The fact that an escape from Pena's undocumented netherworld had materialized, and yet remained inaccessible was, in his words, "crazy making." It had never been easy to get through his days doing non-union construction jobs, but after he reached an impasse on his DACA application it became more painful. "You have this feeling that your life is never going anywhere," he says, "even when you're working seven days week and working really hard." Pena would get texts in the evening summoning him to a site at 5 AM the next morning; then, for 12 to 14 hours he would carry 80 pounds of concrete on his back and stir cement under a hot sun. At one point he'd seen an out from the job he'd come to loathe: Pena is a self-taught technology whiz and the owner of a rug cleaning company approached him about running IT for the small business. But when the man had discovered Pena didn't have a social security number, he withdrew the offer.
Greenberg encouraged Pena to keep mulling over his whereabouts around the time of the President's announcement "Don't worry about June 15 -- look at the month of June," she wrote him in an email. "Try to recount what you were doing." Pena racked his brain and kept coming up short. He did, however, take steps so that if he were to find that elusive receipt, he could apply for DACA right away. One of the program requirements for those without a high school diploma is to have a GED or proof that you are working towards one; in January of 2013, he quit construction work and enrolled in GED Plus in the Bronx. Pena wasn't the only DACA-eligible immigrant who was spurred to resume his education: Enrollment in GED classes skyrocketed to the point where New York City Council Speaker Christine Quinn asked for an additional allocation of $13 million to make sure programs could accommodate the influx of students.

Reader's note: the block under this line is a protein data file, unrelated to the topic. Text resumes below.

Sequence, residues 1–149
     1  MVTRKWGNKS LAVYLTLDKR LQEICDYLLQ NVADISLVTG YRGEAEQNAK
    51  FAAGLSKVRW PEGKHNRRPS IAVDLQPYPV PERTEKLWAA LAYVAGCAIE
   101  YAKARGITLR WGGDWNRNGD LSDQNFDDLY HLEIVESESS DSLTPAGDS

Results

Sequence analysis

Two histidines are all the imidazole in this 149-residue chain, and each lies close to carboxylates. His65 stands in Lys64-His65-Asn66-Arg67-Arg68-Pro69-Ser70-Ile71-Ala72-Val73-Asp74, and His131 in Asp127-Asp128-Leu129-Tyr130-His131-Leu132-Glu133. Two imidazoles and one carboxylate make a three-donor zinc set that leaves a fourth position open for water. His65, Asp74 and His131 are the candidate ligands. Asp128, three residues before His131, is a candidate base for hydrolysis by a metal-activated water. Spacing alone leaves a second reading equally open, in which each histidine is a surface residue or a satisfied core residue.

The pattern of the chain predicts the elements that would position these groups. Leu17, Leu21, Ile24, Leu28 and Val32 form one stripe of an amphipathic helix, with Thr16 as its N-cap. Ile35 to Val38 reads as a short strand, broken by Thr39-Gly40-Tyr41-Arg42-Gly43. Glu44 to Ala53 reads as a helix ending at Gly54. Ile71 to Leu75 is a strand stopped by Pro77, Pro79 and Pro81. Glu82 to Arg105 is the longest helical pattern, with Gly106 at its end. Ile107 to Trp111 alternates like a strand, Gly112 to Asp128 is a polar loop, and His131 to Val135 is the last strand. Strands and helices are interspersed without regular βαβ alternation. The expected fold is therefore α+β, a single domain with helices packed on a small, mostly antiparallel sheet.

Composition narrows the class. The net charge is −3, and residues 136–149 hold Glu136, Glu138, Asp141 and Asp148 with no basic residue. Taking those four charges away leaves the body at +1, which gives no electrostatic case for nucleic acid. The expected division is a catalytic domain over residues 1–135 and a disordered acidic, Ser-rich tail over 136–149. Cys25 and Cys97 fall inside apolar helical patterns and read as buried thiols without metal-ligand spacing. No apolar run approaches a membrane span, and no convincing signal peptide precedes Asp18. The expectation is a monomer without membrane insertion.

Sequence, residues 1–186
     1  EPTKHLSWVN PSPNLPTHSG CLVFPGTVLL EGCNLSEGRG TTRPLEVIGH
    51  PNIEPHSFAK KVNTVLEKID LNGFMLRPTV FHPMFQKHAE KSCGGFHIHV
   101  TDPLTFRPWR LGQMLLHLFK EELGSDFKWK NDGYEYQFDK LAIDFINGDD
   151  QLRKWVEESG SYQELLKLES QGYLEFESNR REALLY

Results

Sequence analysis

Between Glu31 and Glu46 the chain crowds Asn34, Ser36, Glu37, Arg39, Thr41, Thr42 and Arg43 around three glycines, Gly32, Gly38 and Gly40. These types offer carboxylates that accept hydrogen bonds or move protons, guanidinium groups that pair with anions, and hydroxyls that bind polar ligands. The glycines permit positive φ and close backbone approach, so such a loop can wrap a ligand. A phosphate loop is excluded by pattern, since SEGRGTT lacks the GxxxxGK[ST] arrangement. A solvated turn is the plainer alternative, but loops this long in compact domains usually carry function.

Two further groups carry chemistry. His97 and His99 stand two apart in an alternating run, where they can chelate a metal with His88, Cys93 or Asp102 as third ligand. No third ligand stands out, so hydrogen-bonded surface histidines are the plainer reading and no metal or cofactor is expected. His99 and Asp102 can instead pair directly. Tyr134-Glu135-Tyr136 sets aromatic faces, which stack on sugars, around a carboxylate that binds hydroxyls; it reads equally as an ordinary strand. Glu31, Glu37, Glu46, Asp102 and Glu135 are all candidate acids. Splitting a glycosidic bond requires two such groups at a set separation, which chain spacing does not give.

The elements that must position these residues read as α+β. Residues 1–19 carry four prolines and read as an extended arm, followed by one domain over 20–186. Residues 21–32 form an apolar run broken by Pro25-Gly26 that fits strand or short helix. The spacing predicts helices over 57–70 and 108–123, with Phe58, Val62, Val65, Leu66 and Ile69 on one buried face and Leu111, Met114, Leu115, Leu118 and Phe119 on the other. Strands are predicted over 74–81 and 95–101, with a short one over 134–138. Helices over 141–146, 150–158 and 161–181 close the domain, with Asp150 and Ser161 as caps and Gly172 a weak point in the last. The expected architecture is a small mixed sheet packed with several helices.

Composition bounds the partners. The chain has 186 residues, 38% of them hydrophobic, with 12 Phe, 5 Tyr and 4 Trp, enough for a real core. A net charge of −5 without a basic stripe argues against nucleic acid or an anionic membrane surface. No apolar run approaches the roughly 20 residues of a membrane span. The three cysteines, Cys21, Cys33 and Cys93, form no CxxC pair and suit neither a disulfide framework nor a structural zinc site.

Pena also started compulsively hoarding receipts for documentation purposes, finally opened that bank account, and took out a credit card. It might not make a difference to his DACA application, but if broader immigration reform passed, he wasn't going to miss out because he lacked some slippery slips of paper.
The bipartisan Senate bill, which was introduced in April, in fact set a lower bar for proving residency than the DACA application demanded. It required just one piece of evidence showing residency before December 31, 2011. Pena wouldn't have any trouble passing muster. But there was no assurance that the requirement would be part of the bill, or--for that matter--that the bill would become law.
As it turned out, Pena's fate didn't hinge on the upcoming Washington debate. After queries from this reporter and Pena, Greenberg reviewed his application again and thought of an unexplored angle. Pena had said he hadn't been to the doctor, but what about his daughter? He remembered that he had in fact taken her for a checkup on June 18th. "I don't know where my head was," he said afterwards. "I just didn't think of it." Records corroborated Pena had been present at the pediatrician's office on nine occasions, including that seminal June date. Just around the time the Senate bill was announced, Pena put his DACA application in the mail, along with the $465 fee.